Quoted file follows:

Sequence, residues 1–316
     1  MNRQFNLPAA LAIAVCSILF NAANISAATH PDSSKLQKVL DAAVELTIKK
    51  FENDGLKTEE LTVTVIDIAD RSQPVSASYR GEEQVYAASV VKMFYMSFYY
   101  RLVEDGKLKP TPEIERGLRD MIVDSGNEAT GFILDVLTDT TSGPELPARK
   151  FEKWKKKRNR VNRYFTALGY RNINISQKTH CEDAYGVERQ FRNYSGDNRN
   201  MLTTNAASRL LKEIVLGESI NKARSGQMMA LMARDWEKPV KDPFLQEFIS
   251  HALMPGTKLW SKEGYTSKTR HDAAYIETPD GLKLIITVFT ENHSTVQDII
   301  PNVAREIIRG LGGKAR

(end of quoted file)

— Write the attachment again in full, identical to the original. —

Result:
Sequence, residues 1–316
     1  MNRQFNLPAA LAIAVCSILF NAANISAATH PDSSKLQKVL DAAVELTIKK
    51  FENDGLKTEE LTVTVIDIAD RSQPVSASYR GEEQVYAASV VKMFYMSFYY
   101  RLVEDGKLKP TPEIERGLRD MIVDSGNEAT GFILDVLTDT TSGPELPARK
   151  FEKWKKKRNR VNRYFTALGY RNINISQKTH CEDAYGVERQ FRNYSGDNRN
   201  MLTTNAASRL LKEIVLGESI NKARSGQMMA LMARDWEKPV KDPFLQEFIS
   251  HALMPGTKLW SKEGYTSKTR HDAAYIETPD GLKLIITVFT ENHSTVQDII
   301  PNVAREIIRG LGGKAR